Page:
Article published on 07.01.2023 in Bloomberg – Greener living.
The Victorian equivalent of a refrigerator is seeing an uptick in UK adoption, thanks to rising food prices, aesthetic appeal and interest in energy efficiency.
In the 1907 edition of culinary bible Mrs. Beeton’s Book of Household Management, the author sets out her advice for an ideal larder. There must of course be “thorough ventilation,” the reader is told. The larder is also “the only room in the house that should always face due north, so that the sun never comes in.”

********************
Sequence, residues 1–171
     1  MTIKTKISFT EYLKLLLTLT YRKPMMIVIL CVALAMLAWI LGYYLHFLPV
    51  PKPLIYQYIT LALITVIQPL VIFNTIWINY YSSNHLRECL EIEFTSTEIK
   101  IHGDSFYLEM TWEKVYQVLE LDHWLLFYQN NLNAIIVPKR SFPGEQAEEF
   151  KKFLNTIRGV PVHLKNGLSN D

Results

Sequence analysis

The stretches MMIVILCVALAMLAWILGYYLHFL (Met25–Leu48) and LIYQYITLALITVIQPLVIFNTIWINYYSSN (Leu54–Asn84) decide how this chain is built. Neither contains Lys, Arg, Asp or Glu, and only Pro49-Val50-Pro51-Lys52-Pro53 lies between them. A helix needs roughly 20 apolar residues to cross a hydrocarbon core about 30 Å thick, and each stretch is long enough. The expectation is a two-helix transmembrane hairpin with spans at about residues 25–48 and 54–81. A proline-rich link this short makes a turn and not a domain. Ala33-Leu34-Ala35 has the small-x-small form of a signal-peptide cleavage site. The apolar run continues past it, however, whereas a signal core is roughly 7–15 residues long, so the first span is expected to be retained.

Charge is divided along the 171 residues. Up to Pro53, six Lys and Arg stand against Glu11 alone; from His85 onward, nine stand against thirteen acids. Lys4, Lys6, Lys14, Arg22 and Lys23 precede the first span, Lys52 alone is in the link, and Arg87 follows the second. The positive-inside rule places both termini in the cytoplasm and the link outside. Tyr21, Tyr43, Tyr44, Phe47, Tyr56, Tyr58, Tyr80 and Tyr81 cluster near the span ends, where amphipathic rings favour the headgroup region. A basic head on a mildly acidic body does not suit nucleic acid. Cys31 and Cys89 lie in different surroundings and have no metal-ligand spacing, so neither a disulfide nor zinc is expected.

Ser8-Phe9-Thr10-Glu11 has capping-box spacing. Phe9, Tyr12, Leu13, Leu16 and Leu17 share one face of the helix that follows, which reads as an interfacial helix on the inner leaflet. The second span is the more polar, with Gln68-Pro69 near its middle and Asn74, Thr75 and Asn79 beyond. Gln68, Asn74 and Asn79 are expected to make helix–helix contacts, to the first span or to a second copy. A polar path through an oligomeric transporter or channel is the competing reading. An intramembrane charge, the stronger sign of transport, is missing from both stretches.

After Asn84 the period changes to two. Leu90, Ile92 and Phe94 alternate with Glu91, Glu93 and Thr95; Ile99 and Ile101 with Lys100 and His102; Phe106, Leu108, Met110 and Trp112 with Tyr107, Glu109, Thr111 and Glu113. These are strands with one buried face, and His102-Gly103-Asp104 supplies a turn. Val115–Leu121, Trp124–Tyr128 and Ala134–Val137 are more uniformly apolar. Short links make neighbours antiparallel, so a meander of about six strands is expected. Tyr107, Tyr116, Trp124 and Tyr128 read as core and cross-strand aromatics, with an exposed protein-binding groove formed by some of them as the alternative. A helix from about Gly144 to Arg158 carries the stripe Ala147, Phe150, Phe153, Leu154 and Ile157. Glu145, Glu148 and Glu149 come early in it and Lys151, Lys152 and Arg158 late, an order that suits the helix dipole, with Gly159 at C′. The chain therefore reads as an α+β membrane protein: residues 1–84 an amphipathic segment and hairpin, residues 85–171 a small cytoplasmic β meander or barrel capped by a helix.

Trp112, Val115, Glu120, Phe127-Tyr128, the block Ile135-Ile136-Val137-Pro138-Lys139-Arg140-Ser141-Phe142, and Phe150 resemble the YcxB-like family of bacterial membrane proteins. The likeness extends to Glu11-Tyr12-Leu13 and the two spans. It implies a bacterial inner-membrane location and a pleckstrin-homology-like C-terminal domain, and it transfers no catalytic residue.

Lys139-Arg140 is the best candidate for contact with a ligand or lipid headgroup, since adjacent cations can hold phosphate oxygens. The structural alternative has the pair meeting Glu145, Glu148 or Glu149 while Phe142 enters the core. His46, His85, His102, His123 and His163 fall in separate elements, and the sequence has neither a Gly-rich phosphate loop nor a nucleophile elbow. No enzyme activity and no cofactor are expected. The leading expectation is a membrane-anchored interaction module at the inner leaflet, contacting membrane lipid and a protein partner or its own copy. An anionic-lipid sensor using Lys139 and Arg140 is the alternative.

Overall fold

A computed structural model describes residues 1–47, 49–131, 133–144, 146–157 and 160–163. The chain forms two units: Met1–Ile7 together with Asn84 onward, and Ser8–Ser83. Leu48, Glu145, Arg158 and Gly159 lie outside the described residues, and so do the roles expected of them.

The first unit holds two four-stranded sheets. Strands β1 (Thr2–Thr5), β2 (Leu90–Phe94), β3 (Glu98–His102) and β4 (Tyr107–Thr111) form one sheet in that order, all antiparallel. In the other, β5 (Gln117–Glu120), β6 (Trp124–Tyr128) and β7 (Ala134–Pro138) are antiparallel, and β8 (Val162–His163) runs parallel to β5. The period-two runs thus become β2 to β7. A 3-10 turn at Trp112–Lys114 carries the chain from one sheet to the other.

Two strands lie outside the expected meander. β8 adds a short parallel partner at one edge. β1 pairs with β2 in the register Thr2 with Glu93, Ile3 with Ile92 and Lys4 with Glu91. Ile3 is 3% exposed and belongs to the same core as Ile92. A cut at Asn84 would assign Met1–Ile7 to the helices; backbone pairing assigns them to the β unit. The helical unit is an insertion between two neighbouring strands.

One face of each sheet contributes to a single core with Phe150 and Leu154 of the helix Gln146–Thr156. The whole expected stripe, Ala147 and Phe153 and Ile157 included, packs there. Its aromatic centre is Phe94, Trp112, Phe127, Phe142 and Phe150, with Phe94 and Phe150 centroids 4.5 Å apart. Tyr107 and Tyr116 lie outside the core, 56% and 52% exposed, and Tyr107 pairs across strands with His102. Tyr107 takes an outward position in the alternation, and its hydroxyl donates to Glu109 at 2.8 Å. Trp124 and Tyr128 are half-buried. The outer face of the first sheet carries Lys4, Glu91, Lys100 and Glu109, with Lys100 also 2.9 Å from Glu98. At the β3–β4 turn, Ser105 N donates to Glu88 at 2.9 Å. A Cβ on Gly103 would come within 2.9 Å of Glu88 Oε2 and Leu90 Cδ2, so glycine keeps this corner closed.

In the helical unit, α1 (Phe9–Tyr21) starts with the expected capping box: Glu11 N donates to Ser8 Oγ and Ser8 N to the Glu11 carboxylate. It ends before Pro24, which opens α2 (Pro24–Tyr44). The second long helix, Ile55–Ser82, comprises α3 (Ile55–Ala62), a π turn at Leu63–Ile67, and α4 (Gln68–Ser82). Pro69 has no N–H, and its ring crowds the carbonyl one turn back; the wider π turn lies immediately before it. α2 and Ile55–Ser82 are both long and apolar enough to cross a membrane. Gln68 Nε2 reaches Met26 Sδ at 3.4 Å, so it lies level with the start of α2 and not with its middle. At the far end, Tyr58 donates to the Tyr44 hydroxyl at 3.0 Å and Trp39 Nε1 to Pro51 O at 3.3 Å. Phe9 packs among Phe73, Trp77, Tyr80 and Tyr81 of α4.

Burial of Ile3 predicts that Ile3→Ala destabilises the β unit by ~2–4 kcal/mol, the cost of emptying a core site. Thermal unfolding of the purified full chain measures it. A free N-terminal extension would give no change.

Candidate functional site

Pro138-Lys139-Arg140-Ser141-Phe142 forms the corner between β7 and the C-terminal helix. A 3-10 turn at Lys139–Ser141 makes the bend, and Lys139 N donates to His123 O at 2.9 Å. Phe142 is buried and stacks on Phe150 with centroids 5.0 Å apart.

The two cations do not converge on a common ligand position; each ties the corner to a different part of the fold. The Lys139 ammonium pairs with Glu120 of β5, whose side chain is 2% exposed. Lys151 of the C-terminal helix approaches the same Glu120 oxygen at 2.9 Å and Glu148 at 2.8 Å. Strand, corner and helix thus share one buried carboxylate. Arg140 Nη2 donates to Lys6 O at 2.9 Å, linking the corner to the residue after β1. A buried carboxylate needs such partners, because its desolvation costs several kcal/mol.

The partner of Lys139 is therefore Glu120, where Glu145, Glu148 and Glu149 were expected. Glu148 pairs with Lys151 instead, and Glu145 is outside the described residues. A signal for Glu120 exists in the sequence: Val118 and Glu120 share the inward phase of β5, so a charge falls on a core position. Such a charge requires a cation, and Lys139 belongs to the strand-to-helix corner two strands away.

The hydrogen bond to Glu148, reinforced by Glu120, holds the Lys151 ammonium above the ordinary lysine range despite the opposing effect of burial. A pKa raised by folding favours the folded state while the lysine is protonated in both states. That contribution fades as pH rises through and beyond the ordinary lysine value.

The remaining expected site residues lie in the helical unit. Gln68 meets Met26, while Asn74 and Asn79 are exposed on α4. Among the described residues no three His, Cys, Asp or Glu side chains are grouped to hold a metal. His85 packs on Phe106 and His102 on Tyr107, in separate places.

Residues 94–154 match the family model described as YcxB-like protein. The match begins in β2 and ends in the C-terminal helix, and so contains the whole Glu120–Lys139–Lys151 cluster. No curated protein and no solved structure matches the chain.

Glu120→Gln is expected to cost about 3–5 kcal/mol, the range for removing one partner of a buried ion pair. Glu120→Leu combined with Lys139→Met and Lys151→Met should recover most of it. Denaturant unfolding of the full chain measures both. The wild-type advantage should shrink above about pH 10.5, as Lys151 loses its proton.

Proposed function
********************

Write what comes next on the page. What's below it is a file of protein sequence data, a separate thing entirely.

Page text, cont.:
The Victorian equivalent of a refrigerator, a 1900s larder amounted to a room or cupboard for food storage, with rudimentary temperature-control measures. From a necessity standpoint, it was superseded by electric fridges in the 20th century. Today, though, the larder is staging a comeback in the UK, spurred by rising food prices, lifestyle trends, and interest in curtailing power use. Call it the energy-efficiency aesthetic: A larder won’t necessarily reduce electricity consumption, and can certainly be filled with store-bought goods. But the rustic-curious consumer is keen on a cold store that harkens back to root cellars of yore, with home-grown potatoes and mushrooms on stone shelves.
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